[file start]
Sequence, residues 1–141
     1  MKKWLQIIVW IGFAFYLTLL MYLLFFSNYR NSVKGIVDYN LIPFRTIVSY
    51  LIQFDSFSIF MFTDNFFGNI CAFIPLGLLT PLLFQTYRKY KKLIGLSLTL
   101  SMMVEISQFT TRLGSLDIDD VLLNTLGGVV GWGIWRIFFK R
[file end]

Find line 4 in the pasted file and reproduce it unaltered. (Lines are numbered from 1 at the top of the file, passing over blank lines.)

   101  SMMVEISQFT TRLGSLDIDD VLLNTLGGVV GWGIWRIFFK R